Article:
Members of the House of Representatives voted Wednesday to modernize a 135-year-old US law that allies of Donald Trump have tried to exploit to change the outcome of the 2020 presidential election.
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Fifty days before the US midterm elections, electoral reform projects are back in the US Congress. And for good reason, a large number of Republican candidates still refuse to recognize Joe Biden’s victory in the 2020 election.
Clearly, the text removes any ambiguity over the vice president’s status in presidential ratification by limiting it to a purely symbolic role.
One way for elected officials is to avoid the chaos of January 6, 2021, when thousands of Donald Trump supporters flock to the Capitol to force Vice President Mike Pence and elected officials to change the outcome of the election.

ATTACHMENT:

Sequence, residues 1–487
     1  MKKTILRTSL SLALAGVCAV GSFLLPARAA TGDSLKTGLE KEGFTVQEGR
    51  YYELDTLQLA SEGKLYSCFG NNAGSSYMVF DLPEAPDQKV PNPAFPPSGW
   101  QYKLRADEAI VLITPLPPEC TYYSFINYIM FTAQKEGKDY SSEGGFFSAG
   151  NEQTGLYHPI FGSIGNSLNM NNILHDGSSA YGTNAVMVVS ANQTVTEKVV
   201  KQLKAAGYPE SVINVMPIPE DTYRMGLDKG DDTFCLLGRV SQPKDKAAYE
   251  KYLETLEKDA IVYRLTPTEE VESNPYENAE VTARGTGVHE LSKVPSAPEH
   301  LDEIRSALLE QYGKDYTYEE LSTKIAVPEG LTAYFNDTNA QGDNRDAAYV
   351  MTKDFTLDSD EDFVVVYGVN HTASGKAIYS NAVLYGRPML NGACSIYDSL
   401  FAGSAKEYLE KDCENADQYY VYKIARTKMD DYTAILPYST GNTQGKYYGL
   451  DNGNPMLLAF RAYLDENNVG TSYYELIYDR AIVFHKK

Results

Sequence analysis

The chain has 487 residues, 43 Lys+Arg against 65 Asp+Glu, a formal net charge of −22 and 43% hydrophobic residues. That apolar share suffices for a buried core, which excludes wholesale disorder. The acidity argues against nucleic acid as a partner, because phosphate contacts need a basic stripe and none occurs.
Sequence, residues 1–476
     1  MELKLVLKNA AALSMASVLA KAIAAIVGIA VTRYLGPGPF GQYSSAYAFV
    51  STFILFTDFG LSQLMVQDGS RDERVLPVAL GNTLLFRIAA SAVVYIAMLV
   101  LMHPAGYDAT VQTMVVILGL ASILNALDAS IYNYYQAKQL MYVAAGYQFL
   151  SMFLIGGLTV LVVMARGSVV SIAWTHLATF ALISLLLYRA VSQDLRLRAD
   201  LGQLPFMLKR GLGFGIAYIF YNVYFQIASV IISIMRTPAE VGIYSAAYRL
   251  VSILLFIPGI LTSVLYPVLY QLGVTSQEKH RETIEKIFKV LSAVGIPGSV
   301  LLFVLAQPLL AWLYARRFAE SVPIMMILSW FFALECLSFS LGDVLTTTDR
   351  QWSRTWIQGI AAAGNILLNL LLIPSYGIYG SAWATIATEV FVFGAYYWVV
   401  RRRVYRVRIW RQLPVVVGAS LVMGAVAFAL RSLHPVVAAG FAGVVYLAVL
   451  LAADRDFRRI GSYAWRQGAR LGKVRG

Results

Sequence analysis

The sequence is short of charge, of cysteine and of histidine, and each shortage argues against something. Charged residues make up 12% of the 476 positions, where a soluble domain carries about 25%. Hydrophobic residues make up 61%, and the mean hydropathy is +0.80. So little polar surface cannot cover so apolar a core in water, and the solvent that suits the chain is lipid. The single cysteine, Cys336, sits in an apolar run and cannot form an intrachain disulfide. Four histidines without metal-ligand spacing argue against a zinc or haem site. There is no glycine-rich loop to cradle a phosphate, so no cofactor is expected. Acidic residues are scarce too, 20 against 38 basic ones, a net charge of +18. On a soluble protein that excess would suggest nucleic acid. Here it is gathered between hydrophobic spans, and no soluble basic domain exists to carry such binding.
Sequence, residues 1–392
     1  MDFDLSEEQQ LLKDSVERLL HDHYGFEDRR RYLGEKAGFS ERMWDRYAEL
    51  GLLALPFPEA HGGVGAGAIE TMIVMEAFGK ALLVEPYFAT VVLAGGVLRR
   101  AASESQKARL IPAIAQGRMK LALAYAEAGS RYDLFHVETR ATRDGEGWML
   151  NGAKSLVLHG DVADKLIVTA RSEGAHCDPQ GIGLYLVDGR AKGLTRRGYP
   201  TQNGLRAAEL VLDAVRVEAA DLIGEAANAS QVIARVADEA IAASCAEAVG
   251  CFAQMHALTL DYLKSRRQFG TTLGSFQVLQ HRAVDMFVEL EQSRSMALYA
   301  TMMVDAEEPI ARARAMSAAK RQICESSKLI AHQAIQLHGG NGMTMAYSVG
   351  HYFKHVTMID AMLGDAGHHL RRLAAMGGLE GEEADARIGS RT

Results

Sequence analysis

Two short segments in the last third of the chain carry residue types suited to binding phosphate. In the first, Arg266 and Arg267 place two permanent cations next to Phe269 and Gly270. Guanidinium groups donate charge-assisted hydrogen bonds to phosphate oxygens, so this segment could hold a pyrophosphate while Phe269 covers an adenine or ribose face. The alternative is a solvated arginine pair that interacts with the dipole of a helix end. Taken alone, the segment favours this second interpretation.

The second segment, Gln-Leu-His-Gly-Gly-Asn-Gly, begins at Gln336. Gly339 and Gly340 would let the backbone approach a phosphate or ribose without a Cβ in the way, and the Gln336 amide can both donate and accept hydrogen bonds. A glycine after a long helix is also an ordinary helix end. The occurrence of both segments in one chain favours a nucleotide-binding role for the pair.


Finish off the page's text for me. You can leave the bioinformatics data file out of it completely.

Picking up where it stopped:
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“This bill would prevent Congress from illegally electing a president,” argued one of its authors, Republican Liz Cheney.
She was one of the few members of Donald Trump’s party to agree to sit on a US congressional commission that has been investigating the former president’s role in the capital attack for more than a year.
All Democrats voted in favor of his text. A majority of Republicans opposed it.
A competing bill is also being debated in the Senate, with a slightly better chance of success.
However, these two election reform projects are nowhere near as comprehensive as Joe Biden’s grand plan, in which the president promises to protect African Americans’ access to the ballot box, which has been heavily criticized by civil rights groups.
Republican opposition is against Joe Biden’s plan, which he claims would give Democrats the right to control elections across the country.